Recently, Latchamsetty et al. (31) showed that PVCs originating in the PMs were associated with low RF ablation success rates (60%), high recurrence rate, long procedure times, and the delivery of large amounts of RF energy. Our case series shows the safety and feasibility of catheter cryoablation in arrhythmias from the LV PMs, providing catheter adherence and preservation of ultrastructural integrity.
The small number of patients in our report does not allow for any outcome to be statistically representative. This is due in part to the fact that patients with PM arrhythmias represent a small subset of subjects referred for ablation, making them less suitable for larger studies. Voltage mapping has not been performed in any of the patients.
This is not a comparative study so no comparison can be performed with RF catheter ablation, which is the most used technique in this subset of patients.
This case series demonstrated that catheter cryoablation for ventricular arrhythmias originating at the PMs of the LV is technically feasible, safe and effective. Catheter stability was always achieved with cryoablation.
COMPETENCY IN MEDICAL KNOWLEDGE: Catheter cryoablation can be used to eliminate ventricular arrhythmias originating at the PMs of the LV with high success rates and without complications. Imaging techniques are diagnostic and therapeutic corner stones in these patients.
TRANSLATIONAL OUTLOOK: Although this is a small case series with a relatively short follow-up, longer term studies may provide further data regarding long-term benefits of cryoablation.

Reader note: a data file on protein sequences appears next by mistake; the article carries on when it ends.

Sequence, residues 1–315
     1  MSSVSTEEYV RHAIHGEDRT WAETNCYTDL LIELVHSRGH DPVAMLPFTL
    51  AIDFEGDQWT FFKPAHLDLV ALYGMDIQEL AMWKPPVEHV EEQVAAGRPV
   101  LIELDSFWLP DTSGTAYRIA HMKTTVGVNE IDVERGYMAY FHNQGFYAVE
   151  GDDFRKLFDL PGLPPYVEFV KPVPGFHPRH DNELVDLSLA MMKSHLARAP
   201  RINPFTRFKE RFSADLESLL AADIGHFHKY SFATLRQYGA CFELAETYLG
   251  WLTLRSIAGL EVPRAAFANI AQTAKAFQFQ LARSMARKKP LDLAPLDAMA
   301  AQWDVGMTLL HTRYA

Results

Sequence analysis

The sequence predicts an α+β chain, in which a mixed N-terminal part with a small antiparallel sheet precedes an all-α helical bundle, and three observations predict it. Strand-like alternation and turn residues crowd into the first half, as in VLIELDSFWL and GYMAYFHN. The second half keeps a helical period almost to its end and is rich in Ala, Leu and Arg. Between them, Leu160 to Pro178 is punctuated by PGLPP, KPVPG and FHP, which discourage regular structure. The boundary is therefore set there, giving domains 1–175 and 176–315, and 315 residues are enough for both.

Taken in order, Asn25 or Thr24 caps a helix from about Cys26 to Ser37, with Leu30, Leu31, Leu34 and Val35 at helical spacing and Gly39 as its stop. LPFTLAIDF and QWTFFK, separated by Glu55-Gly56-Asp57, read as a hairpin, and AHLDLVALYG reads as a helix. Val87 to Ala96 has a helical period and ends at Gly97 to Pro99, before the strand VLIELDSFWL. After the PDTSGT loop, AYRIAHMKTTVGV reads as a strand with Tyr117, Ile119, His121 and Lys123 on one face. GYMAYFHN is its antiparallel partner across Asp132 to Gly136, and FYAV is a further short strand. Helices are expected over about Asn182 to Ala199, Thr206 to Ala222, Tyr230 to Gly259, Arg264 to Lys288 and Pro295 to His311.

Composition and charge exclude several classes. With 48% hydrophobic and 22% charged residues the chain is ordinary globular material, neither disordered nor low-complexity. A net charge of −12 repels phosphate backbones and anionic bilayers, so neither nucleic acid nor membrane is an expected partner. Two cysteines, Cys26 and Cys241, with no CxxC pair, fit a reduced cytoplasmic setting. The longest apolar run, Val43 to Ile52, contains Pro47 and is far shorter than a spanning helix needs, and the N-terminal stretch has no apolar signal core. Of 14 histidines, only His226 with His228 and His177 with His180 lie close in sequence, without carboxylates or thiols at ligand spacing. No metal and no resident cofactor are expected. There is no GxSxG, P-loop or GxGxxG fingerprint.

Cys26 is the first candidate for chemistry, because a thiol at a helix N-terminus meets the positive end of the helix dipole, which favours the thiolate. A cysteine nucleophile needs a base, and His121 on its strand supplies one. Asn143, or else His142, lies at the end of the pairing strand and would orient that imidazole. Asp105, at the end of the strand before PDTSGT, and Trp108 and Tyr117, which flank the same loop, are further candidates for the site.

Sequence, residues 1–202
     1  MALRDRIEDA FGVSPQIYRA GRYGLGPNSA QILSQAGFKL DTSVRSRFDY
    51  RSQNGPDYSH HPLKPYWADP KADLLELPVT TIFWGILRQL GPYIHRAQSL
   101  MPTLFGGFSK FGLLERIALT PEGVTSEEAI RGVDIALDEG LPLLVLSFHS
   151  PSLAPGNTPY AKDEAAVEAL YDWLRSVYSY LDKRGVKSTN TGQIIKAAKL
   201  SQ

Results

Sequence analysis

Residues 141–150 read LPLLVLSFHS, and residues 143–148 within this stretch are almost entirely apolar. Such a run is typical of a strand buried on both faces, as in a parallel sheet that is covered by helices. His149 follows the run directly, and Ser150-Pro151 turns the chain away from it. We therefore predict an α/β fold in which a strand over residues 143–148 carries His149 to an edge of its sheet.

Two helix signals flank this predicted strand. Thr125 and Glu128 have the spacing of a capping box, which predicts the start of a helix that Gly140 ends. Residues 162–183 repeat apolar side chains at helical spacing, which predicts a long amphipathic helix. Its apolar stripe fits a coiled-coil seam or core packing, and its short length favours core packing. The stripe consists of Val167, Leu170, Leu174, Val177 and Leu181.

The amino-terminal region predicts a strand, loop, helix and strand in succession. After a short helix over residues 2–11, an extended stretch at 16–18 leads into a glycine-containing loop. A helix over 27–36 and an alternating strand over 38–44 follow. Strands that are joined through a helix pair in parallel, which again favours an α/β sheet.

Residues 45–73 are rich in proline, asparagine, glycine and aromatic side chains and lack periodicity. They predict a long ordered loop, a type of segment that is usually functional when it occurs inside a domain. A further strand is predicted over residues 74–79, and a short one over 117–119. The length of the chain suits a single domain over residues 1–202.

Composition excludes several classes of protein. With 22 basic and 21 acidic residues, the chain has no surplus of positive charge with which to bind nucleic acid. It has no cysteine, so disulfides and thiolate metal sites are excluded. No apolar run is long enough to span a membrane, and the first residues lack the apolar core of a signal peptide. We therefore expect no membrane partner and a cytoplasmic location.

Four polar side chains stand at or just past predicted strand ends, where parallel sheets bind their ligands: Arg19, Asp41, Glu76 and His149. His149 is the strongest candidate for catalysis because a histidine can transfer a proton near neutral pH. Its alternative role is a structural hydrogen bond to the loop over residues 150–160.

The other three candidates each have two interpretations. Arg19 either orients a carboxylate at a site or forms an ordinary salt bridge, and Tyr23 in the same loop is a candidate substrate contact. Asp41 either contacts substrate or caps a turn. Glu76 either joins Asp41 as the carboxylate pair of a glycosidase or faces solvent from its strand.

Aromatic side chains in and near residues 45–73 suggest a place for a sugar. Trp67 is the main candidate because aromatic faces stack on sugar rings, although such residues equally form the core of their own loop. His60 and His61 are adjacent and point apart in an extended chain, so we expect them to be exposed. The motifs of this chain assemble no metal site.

The authors acknowledge the Cardiovascular Institute of Buenos Aires (ICBA) and Alberto Alves de Lima, MD PhD, and Diego Conde, MD.
The authors have reported that they have no relationships relevant to the contents of this paper to disclose.
- Abbreviations and Acronyms
- intracardiac echocardiography
- interquartile range
- left ventricle
- multidetector computed tomography
- posteromedial papillary muscle
- papillary muscle
- Purkinje potentials
- premature ventricular complex
- premature ventricular contraction
- right ventricular
- right ventricular outflow tract
- ventricular arrhythmias
- ventricular tachycardia
- Received May 13, 2015.
- Revision received July 27, 2015.
- Accepted July 31, 2015.
- American College of Cardiology Foundation